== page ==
According to an article in Forbes, yet another example of how the United States treats its elderly is the rapid “graying” of bankruptcy over the past few decades. The author of the Forbes article was actually reporting on an article in the U.K.’s Financial Times who told the story of the sad and uncomfortable situation regarding elders in American bankruptcy courts. (https://www.forbes.com/sites/teresaghilarducci/2019/08/15/elderly-bankruptcy-why/#2639d5bd4f51).
The share of elder filings for bankruptcy jumped from two percent of all filings in 1991 to 12 percent now. This is documented in a recent research paper out of Indiana Legal Studies called “Graying of U.S. Bankruptcy: Fallout from Life in a Risk Society.” This means that approximately 98,000 families, or about 133,000 elders, out of 51 million people over the age of 65 file for bankruptcy to get relief from all debt. (Note that student debt is non-dischargeable; this if often a result of co-signing student loans of children and grandchildren). Of elder households who filed for bankruptcy in 2016, 78 percent made less than the median income.
Several factors are listed as possible reasons for the debt level of seniors in the U.S. They are described as “big impersonal forces.” For instance, trade unions have weakened, wages have stagnated, and pensions have eroded. Companies have eliminated pension plans with their attendant risk by switching to less-certain (for the worker) 401(k)-type options. The “do-it-yourself” 401(k)-based retirement system requires long term employment and steady contributions for success. Now many older workers in their 50’s are being discarded from the labor market and cannot find decently paying work nor are they able to contribute to their 401(k)s.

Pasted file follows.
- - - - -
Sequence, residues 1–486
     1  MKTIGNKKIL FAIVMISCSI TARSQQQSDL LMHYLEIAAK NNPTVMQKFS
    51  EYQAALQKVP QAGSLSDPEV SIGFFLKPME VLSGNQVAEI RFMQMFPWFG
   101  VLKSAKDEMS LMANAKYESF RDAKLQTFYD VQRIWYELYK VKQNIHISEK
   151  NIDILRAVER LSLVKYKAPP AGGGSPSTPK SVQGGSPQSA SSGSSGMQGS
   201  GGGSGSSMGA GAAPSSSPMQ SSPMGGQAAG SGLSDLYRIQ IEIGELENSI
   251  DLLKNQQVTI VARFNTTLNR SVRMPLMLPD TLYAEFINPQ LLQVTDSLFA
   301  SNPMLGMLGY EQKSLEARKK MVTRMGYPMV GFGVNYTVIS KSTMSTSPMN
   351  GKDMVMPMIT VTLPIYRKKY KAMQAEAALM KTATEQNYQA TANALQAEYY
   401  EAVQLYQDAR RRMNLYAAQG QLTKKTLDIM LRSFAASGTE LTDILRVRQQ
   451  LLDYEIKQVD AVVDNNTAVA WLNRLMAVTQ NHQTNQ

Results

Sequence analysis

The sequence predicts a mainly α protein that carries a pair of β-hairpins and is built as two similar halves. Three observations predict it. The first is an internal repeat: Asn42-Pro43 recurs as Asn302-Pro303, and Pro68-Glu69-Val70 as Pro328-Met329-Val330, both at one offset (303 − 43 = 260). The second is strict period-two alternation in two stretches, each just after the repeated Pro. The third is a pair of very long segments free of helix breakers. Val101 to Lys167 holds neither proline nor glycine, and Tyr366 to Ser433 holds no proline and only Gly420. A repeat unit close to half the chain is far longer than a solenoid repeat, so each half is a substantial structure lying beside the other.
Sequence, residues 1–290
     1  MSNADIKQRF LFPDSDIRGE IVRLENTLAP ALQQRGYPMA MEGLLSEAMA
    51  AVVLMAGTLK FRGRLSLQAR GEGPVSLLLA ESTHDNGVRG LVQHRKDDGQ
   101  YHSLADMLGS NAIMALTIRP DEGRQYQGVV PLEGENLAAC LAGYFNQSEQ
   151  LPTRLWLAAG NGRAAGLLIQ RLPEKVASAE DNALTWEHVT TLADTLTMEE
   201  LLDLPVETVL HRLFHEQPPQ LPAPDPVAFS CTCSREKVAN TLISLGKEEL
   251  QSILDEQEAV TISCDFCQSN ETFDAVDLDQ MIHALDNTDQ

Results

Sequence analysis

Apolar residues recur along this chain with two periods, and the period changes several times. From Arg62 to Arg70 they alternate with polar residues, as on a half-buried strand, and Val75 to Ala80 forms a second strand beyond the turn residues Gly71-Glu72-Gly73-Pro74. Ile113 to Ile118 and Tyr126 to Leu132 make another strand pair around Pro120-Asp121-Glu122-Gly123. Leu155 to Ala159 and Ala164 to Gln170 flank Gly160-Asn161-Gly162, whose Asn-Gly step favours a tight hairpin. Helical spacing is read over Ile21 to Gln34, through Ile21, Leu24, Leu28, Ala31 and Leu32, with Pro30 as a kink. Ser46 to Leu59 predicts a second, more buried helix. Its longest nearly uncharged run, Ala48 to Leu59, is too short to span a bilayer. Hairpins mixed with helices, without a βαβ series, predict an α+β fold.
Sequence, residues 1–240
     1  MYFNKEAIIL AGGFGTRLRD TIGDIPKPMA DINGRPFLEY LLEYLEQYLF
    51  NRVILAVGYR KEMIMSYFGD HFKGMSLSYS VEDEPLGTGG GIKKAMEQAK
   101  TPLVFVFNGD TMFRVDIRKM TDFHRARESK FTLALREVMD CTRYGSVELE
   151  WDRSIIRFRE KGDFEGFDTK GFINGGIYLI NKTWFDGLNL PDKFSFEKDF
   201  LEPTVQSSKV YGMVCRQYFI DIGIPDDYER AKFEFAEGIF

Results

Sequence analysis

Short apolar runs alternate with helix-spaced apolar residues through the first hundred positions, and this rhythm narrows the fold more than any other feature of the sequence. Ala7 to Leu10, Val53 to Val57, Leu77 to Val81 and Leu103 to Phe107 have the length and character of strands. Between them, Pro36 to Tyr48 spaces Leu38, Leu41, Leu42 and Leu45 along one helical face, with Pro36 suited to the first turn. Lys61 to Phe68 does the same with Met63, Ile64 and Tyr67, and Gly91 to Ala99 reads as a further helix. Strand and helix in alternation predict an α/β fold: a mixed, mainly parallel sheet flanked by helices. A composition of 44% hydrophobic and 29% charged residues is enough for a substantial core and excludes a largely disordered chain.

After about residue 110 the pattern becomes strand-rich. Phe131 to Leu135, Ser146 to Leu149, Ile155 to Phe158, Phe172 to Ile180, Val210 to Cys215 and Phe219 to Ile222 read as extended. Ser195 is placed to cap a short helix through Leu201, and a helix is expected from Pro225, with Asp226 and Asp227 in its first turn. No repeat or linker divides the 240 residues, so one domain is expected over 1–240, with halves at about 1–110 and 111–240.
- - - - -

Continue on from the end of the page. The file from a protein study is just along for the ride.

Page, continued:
Another force that older persons have no control over is the rise in medical costs. Medicare is paying a smaller share of elder health care due to political decisions. Medical cost increases, along with political decisions to have Medicare pay smaller shares of health care costs result in devastated budgets of seniors.
Predators are another source that increases bankruptcy risk among seniors. Low interest credit cards are hyped, even to recent bankruptcy filers. Many seniors do not know how to make ends meet without using credit, including mortgages on their homes. The positive psychological effect is that creditors will stop harassing them. It does no good to blame the victims for not taking lessons for living within their means like their Depression era ancestors did; times are different and we need to find relevant answers to elder poverty.
The legal advice in this column is general in nature, Consult your attorney for advice to fit your particular situation.
Kathleen Martin, Esquire is licensed to practice in the Commonwealth of Pennsylvania and is certified as an Elder Law Attorney by the National Elder Law Foundation as authorized by the Pennsylvania Supreme Court. She is a principal of the law firm of O’Donnell, Weiss & Mattei, P.C., 41 High Street, Pottstown, and 347 Bridge Street, Phoenixville,610-323-2800, www. owmlaw.com. You can reach Mrs. Martin at email@example.com